Hello, and welcome to this week’s Community Newsletter! I’m your host, Chelsey B. Coombs, Spectrum’s engagement editor.
This week, we’re starting with a thread by Yu-Lun Chen on Autism’s Twitter account. Chen is a graduate student and adjunct faculty member in occupational therapy at New York University in New York City.
A thread ????:
— Autism Journal (@journalautism) June 29, 2021
Chen unpacked a paper, based on her dissertation, that looked at peer interactions among autistic and non-autistic students over five months. Previous research suggests two people with different life experiences can have difficulty relating to each other, described as the ‘double empathy problem.’ In the new work, autistic and non-autistic people were indeed more likely to interact with those who matched their neurotype — a preference that strengthened over time. And those same-group interactions were more about “sharing thoughts and experiences rather than requesting help or objects.”
“These findings suggest that peer interaction is determined by more than just a student’s autism diagnosis, but by a combination of student and peer neurotypes,” the authors wrote.
Autistic students interacted with their autistic peers in similar patterns as non-autistic students did with their fellow non-autistic students. Thus, autism may not be a personal social impairment, but rather a communication challenge between individuals.
— Autism Journal (@journalautism) June 29, 2021
Noah Sasson, associate professor of behavioral and brain sciences at the University of Texas at Dallas, called the paper “really impressive.”
This is a really impressive paper! It studies natural peer interactions among autistic and non-autistic adolescents over a 5 month period. Within-neurotype interactions grew over time and were more relational and included more sharing of experiences than cross-neurotype ones. https://t.co/uns12mbEUk
— Noah Sasson (@Noahsasson) June 25, 2021
The next tweet comes from Laura Crane, associate professor of psychology and human development at University College London and deputy director of the Centre for Research in Autism and Education in the United Kingdom. She and her colleagues reviewed autistic people’s self-reports on camouflaging, or masking to hide their autism traits.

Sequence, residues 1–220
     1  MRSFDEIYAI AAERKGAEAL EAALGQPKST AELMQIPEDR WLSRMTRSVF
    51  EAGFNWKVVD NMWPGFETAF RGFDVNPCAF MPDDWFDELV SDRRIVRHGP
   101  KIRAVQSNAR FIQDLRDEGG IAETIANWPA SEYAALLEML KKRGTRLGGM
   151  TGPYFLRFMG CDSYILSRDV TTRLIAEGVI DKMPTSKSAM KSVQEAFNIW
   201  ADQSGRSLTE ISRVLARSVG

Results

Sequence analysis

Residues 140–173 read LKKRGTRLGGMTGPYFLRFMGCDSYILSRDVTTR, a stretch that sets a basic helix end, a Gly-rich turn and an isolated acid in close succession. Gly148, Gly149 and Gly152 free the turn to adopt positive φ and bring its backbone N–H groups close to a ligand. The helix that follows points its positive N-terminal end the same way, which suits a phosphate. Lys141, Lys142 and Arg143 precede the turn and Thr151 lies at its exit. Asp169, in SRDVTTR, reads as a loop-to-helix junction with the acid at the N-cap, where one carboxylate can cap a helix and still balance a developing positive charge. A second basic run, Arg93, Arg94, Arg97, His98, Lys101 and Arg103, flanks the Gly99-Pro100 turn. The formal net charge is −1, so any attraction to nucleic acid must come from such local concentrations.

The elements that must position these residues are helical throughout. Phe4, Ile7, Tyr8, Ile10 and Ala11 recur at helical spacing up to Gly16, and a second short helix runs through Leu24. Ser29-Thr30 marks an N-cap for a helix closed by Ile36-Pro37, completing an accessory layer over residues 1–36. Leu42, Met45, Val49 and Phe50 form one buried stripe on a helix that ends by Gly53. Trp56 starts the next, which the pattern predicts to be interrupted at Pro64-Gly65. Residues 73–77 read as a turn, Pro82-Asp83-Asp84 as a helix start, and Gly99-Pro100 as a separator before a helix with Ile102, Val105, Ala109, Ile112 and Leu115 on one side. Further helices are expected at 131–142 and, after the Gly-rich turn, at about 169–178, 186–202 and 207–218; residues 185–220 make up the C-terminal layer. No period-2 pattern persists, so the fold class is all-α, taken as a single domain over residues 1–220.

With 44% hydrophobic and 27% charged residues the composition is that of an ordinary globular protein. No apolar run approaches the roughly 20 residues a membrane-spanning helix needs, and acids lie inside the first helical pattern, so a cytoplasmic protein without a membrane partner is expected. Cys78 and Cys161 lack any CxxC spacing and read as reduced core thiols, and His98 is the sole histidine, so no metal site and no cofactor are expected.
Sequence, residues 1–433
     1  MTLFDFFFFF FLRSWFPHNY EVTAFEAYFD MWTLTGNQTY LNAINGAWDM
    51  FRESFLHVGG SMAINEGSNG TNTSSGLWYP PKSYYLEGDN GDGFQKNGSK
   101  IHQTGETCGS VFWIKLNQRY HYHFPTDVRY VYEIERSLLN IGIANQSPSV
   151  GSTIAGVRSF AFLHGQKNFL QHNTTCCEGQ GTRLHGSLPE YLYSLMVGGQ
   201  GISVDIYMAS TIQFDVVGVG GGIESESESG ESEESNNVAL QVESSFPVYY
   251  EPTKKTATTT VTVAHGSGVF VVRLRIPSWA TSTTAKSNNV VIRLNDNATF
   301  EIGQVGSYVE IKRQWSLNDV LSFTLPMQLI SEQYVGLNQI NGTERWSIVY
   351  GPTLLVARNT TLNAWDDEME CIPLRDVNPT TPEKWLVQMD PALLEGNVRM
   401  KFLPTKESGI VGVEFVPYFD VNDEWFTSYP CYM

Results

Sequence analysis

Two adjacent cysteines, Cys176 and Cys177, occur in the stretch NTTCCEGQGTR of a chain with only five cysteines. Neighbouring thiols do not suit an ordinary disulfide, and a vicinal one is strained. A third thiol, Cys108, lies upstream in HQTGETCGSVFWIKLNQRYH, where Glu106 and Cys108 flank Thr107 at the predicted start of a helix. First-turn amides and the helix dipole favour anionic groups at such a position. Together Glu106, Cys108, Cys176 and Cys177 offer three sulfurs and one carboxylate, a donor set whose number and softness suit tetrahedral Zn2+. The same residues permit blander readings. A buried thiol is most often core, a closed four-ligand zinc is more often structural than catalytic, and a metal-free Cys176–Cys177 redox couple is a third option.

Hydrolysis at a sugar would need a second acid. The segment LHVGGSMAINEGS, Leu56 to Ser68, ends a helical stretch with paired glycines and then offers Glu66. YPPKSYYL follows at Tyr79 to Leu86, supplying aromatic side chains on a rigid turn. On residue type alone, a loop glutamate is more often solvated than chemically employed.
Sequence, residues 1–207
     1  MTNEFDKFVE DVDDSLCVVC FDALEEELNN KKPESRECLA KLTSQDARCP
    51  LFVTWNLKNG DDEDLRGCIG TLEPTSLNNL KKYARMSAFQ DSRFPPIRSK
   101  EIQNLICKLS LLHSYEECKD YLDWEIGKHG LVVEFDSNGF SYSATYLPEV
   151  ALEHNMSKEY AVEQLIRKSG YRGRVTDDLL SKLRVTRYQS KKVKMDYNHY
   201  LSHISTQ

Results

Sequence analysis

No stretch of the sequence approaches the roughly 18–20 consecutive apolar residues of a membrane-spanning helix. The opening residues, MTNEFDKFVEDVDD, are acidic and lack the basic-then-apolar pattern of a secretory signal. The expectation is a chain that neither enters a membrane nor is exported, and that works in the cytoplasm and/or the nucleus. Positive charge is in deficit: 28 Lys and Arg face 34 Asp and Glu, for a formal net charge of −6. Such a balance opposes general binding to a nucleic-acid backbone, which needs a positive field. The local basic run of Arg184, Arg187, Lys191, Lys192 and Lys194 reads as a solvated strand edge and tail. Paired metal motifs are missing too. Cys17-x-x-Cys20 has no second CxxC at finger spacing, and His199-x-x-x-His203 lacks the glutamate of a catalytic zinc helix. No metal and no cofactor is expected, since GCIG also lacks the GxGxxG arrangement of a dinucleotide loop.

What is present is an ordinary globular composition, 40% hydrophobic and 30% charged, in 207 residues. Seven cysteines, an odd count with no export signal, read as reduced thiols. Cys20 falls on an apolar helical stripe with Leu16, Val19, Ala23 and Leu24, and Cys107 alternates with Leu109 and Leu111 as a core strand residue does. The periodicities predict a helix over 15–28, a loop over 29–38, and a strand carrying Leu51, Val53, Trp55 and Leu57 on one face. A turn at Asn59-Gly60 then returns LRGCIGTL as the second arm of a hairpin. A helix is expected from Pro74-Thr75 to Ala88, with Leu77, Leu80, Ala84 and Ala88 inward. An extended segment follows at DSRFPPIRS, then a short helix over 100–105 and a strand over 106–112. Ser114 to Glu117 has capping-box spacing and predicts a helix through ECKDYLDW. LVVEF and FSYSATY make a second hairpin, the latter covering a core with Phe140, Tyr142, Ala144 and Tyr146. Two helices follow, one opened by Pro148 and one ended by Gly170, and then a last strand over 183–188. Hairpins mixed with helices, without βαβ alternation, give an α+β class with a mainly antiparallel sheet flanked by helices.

New @journalautism article led by @DrJuliaCook (with @WillClinPsy @lauralhull @lauraeabourne and me): Self-reported camouflaging behaviours used by autistic adults during everyday social interactions https://t.co/4mhy5IEQPJ #openaccess
— Laura Crane (@LauraMayCrane) June 28, 2021
The study identified 38 different camouflaging behaviors and earned high praise on social media. Lily Levy, a child and adolescent mental health services clinician in the U.K., said she was “certain this is going to be my paper of the year for 2021.”
This may be a bold shout with half the year remaining, but I’m certain this is going to be my paper of the year for 2021. pic.twitter.com/dh4HhIQSnT
— Lily Levy #BLM (@lilyhannahlevy) June 28, 2021
Ann Memmott, an associate and ‘expert by experience’ at the National Development Team for Inclusion in the U.K., wrote that it was a “[very] useful list of some of the ways we hide that we’re autistic, and commentary on why we have to, or choose to, do this. “
https://t.co/LbaPquE5Gp Lovely new research about autistic people who camouflage/mask, and why. V useful list of some of the ways we hide that we’re autistic, and commentary on why we have to, or choose to, do this. Exhausting, frankly.
— Ann Memmott PGC???? (@AnnMemmott) June 30, 2021
— Meredith McCarty (@Neuro_Meredith) June 14, 2021
The pair investigated stereotypies, or stereotyped repetitive movements in autism, also known as stimming. Stimming may change brain rhythms to enhance both sensory processing and attention, they say, and they propose ways to experimentally examine this — something that hasn’t been done, despite autistic people having said that stimming improves their sensory processing.
“We hope that by understanding the anatomy and physiology of motor stereotypies, we can make them less stigmatizing and develop ways to harness their benefits to help people with and without autism,” the authors wrote.
Thanks, @Neuro_Meredith! It was a real honor to work on this with you. I hope it helps destigmatize #stimming in #autism and helps us think in new & different ways about how our brains are wired up. https://t.co/ZpyDTviXJb
— Audrey C. Brumback, MD, PhD (@BrumbackLab) June 15, 2021
That’s it for this week’s Community Newsletter from Spectrum! If you have any suggestions for interesting social posts you saw in the autism research sphere, feel free to send an email to me at firstname.lastname@example.org. See you next week!
Cite this article: https://doi.org/10.53053/MDYO8303